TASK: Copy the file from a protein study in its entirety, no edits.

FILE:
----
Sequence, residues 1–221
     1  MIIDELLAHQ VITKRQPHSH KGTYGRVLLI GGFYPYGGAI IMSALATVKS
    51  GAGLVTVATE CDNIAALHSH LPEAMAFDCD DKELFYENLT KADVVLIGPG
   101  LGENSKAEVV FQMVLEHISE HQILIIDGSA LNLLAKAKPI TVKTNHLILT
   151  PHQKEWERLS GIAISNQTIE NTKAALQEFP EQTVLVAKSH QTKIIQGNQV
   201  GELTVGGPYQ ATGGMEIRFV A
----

Sequence, residues 1–221
     1  MIIDELLAHQ VITKRQPHSH KGTYGRVLLI GGFYPYGGAI IMSALATVKS
    51  GAGLVTVATE CDNIAALHSH LPEAMAFDCD DKELFYENLT KADVVLIGPG
   101  LGENSKAEVV FQMVLEHISE HQILIIDGSA LNLLAKAKPI TVKTNHLILT
   151  PHQKEWERLS GIAISNQTIE NTKAALQEFP EQTVLVAKSH QTKIIQGNQV
   201  GELTVGGPYQ ATGGMEIRFV A